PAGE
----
Posted by: tnowotny | January 30, 2011

The Philosophy still underlying much of diplomacy is highly dysfunctional

In January of this year an event in the Vienna Diplomatic Academy commemorated the 50 year anniversary  of the re – establishment if this institution; as well as the 40 years anniversary of the Vienna Diplomatic Convention.

I was invited on a panel; The draft for the conribution I provided is rendered below. Diplomacy should seriously reflect of what it wants to achieve in today’s world. It would have to ajusts its tools accordingly

———————————————————————-

Thomas Nowotny

The Future of Diplomacy in a global context

What is diplomacy about. Which world – view is expressed in its rules and traditions?

Some of you might have come across a game called „diplomacy“

Players move of soldiers and military equipment across the maps of continents, and in order to prevail conclude or dissolve alliances with other players.

Isn`t it strange that today still such a game could still be marketed under the name “diplomacy”?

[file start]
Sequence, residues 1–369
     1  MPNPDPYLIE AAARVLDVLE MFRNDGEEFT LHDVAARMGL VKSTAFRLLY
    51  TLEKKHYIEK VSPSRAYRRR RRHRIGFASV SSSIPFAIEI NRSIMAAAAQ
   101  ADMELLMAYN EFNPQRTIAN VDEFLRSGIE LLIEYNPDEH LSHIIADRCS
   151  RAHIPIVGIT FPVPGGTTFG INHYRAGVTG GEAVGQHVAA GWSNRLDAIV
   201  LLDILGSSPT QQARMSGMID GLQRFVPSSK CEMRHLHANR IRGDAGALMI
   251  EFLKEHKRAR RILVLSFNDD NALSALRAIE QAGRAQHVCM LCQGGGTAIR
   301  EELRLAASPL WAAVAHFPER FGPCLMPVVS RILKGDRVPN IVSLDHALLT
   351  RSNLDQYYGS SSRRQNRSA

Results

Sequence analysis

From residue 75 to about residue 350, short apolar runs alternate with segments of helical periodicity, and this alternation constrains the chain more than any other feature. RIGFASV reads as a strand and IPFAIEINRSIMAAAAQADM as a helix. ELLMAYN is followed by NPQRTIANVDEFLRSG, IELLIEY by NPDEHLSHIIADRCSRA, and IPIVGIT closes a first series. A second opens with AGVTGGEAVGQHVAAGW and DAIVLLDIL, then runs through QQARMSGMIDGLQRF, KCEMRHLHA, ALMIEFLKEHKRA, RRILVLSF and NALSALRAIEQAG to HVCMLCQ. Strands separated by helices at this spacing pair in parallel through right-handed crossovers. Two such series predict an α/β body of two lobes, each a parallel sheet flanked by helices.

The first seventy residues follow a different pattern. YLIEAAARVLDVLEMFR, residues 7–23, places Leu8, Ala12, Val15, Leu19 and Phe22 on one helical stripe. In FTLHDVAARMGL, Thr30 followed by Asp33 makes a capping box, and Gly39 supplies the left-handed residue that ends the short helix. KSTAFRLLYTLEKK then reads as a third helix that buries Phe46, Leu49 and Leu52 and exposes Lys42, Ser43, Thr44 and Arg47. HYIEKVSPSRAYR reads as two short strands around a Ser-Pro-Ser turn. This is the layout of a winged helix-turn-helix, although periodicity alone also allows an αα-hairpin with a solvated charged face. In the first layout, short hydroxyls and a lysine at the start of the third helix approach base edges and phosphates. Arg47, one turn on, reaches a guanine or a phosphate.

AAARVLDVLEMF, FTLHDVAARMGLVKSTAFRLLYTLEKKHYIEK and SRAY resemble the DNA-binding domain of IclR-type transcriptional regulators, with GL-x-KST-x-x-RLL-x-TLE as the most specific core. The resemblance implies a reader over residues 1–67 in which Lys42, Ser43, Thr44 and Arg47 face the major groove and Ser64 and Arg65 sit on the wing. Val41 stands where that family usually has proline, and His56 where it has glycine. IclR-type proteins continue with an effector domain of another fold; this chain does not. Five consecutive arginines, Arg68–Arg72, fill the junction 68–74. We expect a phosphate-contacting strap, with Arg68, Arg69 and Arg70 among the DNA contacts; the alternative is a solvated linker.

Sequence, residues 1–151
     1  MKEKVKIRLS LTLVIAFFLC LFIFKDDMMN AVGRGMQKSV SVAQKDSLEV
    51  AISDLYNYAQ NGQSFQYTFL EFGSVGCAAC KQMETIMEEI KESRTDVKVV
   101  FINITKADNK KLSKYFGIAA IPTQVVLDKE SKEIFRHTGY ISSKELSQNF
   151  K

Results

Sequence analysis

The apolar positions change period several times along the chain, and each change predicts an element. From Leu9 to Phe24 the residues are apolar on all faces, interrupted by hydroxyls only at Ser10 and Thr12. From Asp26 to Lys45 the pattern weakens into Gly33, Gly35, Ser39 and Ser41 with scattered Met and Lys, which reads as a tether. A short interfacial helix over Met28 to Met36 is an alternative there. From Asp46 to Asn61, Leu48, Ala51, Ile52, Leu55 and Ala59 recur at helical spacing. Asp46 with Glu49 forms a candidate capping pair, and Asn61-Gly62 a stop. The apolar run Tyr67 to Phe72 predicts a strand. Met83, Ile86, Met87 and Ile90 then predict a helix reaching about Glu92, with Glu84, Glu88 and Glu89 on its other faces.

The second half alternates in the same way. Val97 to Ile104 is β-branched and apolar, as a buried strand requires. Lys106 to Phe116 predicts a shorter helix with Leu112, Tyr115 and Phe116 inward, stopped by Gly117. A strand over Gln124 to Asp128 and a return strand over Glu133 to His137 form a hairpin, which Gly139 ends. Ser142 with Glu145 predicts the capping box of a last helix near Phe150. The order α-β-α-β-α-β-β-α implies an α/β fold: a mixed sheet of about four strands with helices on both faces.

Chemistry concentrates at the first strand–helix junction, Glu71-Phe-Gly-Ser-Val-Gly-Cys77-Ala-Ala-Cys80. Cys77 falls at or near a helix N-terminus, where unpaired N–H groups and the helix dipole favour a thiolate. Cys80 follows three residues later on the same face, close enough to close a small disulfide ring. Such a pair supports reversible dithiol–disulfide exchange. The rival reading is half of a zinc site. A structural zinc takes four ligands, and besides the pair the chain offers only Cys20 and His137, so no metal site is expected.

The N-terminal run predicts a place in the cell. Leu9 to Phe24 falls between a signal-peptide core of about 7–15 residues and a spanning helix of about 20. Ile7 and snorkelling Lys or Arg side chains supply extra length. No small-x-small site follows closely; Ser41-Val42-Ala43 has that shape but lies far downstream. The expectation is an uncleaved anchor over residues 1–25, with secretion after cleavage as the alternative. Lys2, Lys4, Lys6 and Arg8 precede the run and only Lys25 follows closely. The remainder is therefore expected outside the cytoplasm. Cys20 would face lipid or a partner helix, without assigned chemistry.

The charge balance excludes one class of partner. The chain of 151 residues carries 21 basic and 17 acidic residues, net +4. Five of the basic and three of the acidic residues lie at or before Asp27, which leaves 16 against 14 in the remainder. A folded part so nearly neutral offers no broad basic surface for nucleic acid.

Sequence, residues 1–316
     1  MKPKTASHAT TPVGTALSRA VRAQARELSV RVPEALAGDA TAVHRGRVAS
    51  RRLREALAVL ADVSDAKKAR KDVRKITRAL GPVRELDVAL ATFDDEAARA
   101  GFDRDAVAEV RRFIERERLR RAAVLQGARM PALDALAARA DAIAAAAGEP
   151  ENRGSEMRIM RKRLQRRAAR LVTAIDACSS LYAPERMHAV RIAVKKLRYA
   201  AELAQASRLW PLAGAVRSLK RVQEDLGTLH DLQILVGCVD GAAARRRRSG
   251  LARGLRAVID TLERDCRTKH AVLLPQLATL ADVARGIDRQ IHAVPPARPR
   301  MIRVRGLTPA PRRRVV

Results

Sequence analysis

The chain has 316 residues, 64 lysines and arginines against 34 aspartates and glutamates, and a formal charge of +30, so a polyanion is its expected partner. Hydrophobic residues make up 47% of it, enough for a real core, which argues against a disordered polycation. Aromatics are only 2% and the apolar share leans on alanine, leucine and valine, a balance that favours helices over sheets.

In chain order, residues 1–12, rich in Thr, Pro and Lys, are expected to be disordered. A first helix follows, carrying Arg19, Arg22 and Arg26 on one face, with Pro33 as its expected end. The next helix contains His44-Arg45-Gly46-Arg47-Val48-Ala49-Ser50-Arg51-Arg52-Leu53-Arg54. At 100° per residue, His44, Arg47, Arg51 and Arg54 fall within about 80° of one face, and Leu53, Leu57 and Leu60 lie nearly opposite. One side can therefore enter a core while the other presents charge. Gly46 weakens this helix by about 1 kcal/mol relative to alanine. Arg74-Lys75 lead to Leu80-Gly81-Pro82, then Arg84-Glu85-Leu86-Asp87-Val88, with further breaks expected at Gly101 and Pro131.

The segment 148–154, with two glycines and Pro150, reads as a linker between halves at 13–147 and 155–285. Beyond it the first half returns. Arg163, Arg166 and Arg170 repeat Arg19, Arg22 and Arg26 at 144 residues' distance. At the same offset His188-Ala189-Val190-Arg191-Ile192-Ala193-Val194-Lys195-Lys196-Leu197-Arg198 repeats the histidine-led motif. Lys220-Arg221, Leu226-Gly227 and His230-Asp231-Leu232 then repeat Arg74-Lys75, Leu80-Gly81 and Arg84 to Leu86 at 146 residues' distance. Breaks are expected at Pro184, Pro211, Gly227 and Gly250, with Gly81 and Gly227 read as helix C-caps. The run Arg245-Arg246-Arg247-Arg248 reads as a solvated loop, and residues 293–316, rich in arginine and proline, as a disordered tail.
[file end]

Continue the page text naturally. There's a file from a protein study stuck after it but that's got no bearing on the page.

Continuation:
Are we still in a world in which in the words of Prussian king Frederic the Great “diplomacy without weapons  would compare to music performed without instruments”.

Obviously, those intellectuals who talk about the usefulness of war god Mars; and about his being superior to  the accommodating goddess Venus, these intellectuals  might still stick to the notion of war and the military being the base, being the sole true currency of diplomacy.

But we – the rest – should find it difficult to share this world view of Frederic the Great; this world view  of war – god Mars reigning supreme. Instructed by the history of the 20th Century we should feel obliged to discard such notions. In that time since 1913, all wars had an end contrary to the end envisaged by the side that started the war. Wars serve no rational, no political purpose.